How Scott Gottlieb may transform the FDA’s approach to stem cells

The Trump FDA commissioner nominee Dr. Scott Gottlieb Dr. Scott Gottliebcould dramatically alter how the agency regulates investigational stem cell therapies. How might such changes unfold? There are potential upsides and downsides to  the seismic shift that could be in the offing.

Gottlieb has written in the past about his perception of FDA over-regulation of stem cells such as in this piece in the WSJ. There he made a number of assertions that signal his view at least back then that when it comes to regulation of stem cells by the FDA, less is more.

More recently, a speech he gave at an ISSCR meeting in Berkeley last year is much more balanced in tone than the 2012 WSJ piece. This quote from the Berkeley talk, for example, is balanced and emphasizes standards:

“Expediting the development of these novel and transformative technologies like gene- and cell-based therapies doesn’t necessarily mean lowering the standard for approval, as I believe other countries have done. But it does mean having a framework that’s crafted to deal with the unique hypothetical risks that these products pose.”

Still that WSJ article is concerning.

For instance, he and his co-author Coleen Klasmeier, both former employees of the FDA, strongly criticized a federal court ruling in 2012 that the FDA could regulate laboratory-proliferated stem cells as a biological drug. Oddly, much of the basis for their criticism was far broader than the reality of the court ruling. They suggested, for instance, that the ruling opened a veritable Pandora’s box of FDA over-reach potential that extended to all autologous uses of stem cells (lab-grown or not) and beyond, but that was not the case as the ruling was focused on lab-grown stem cells. Even so they made largely unsupported generalizations such as the following:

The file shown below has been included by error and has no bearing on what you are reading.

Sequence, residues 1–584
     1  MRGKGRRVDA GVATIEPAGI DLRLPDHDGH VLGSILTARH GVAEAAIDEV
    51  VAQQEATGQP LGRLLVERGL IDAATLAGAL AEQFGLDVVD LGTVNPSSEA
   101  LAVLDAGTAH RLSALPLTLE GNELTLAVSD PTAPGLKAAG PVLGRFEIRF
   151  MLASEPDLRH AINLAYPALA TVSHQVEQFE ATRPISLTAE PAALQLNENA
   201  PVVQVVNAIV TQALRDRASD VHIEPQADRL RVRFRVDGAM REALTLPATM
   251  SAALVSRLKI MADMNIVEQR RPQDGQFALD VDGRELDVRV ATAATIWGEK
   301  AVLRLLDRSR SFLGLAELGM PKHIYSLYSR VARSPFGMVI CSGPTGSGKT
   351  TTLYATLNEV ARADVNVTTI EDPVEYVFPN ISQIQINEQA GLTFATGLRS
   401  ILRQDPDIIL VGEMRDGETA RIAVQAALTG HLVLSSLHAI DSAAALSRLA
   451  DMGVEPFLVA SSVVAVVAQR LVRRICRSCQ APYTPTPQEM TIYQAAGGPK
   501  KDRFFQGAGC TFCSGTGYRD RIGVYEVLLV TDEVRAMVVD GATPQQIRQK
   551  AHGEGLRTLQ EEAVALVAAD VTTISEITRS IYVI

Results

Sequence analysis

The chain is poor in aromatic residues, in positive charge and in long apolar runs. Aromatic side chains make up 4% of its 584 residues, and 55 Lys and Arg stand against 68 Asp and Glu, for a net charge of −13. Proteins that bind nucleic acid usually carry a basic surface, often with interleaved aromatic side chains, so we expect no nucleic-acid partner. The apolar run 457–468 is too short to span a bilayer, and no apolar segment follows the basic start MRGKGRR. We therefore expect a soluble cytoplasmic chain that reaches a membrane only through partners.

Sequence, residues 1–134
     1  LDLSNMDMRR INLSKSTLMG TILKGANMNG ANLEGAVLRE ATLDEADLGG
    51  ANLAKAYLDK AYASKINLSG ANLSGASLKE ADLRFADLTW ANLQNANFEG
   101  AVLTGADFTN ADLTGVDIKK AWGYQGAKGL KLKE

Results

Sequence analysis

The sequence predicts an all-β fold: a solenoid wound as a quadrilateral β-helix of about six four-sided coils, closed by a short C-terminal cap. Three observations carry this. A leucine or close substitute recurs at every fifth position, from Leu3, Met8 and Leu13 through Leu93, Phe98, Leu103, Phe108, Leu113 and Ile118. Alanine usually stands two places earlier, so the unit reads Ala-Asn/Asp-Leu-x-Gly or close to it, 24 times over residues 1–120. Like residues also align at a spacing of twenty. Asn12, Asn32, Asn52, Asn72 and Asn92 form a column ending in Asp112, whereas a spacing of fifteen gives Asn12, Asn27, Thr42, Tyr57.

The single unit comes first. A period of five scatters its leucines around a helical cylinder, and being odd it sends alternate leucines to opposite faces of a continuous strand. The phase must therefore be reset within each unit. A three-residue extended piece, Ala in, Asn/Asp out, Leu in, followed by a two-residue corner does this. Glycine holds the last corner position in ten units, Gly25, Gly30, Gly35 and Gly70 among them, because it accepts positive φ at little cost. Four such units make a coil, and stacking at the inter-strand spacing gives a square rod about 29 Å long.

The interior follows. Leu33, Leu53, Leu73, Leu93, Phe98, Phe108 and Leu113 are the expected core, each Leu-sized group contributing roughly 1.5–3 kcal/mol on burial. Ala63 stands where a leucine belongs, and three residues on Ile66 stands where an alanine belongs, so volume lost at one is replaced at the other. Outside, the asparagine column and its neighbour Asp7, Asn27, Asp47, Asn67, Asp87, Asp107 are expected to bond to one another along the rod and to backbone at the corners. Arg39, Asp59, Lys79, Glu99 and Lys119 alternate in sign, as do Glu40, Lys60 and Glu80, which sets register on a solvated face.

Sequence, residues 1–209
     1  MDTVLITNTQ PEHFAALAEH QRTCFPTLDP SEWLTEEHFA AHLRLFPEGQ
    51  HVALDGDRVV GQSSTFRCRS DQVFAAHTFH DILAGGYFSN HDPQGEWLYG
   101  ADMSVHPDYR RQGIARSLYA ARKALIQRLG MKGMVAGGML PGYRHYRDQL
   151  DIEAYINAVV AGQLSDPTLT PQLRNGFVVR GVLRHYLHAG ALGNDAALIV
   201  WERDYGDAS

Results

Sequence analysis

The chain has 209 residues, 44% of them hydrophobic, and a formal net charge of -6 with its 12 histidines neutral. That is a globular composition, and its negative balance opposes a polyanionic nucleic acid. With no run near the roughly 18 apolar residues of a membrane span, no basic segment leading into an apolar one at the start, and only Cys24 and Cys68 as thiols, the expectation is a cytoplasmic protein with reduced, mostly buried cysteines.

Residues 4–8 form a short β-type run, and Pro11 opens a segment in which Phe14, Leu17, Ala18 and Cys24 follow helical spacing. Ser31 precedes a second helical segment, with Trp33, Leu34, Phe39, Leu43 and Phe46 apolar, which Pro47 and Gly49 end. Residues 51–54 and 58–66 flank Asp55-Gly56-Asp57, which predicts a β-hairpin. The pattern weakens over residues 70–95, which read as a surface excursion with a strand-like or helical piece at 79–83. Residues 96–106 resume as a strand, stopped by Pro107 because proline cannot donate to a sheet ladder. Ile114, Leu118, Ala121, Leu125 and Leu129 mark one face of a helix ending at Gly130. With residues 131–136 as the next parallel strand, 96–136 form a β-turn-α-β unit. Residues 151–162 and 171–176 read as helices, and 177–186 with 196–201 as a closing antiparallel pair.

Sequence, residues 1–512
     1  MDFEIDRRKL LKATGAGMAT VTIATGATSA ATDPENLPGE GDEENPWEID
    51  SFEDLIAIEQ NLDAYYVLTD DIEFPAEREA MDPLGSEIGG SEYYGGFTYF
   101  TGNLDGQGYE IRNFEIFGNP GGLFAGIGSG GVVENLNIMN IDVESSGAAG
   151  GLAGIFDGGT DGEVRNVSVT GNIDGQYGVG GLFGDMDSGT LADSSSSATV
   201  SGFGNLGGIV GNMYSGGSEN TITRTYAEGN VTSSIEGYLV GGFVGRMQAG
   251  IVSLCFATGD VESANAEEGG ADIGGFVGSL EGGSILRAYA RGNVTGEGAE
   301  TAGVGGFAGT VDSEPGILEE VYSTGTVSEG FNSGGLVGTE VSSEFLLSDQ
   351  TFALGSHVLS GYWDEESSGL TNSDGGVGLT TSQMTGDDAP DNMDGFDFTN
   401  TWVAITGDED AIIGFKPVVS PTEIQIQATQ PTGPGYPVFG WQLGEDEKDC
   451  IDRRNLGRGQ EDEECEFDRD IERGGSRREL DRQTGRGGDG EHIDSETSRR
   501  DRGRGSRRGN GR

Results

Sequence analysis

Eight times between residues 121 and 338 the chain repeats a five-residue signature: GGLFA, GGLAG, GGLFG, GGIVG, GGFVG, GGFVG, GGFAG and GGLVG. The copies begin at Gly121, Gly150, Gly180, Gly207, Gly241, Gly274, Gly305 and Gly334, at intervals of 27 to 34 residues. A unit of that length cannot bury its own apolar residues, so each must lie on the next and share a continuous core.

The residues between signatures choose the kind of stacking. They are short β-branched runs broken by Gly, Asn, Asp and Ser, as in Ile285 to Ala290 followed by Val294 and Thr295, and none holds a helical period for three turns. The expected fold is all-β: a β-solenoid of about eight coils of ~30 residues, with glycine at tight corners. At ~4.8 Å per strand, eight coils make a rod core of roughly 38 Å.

“If the FDA’s victory is upheld on appeal, then conceivably nothing done as part of clinical practice is beyond the agency’s reach.”

In the intervening years since the 2012 court ruling and the WSJ article, we have seen that the sky hasn’t fallen from the FDA having obtained the defined authority to regulate lab-expanded stem cells as drugs. In fact, oddly enough if anything the more time that has passed, the less inclined FDA’s CBER biologics branch that oversees stem cells has been to take action on stem cell biologics. It’s hard to view the FDA issuing less than one warning letter per year to stem cell clinics even as there are upwards of 600 of these clinics as a form of overreach.

From a scientific and medical perspective, there are good reasons to regulate lab-grown stem cells as drugs. The cells are known to change their differentiation properties, accumulate mutations and epigenetic changes, and undergo other significant alterations in the dish in the lab. There is also, perhaps more directly related to the FDA’s mandate on biologics, substantial potential for contamination of cells in a lab during proliferation.

Since 2012, another big change has been the explosion of adipose stem cell clinics onto the scene, which use more than minimally manipulated liposuctioned material to make a biological drug product via enzymatic and other steps. However, the clinics argue their products aren’t drugs and they generally do not have any FDA approval to market stem cells. Nonetheless such offerings are being sold at hundreds of clinics around the country. How would a newly minted FDA commish Gottlieb view these clinics? Through the same lens as the autologous, homologous bone marrow-based approaches? What about the clinics using bone marrow and amniotic cells in non-homologous manners that make such products drugs? Continue reading

New paper shows huge American stem cell clinic industry: 570 locations

My colleague Leigh Turner and I today published a new paper in Cell Stem Cell documenting for the first time the American stem cell clinic arena in a comprehensive way, which we found as of February has a remarkable 570 clinic locations via 351 businesses.

These numbers are way beyond the predictions of most researchers and policy makers for stem cell clinics in the U.S., and point to a burgeoning, huge industry from coast to coast (see map below of clinic locations that we found in our research that is Figure 1 of the paper).

Figure 1 Turner Knoepfler Stem Cell Clinics

We focused on those businesses that as best as we could determine do not have FDA approval for marketing stem cell treatments. This means that even if relatively few patients are seen at each of the 570 locations, tens of thousands of Americans each year may be getting stem cell offerings that do not have formal FDA approval.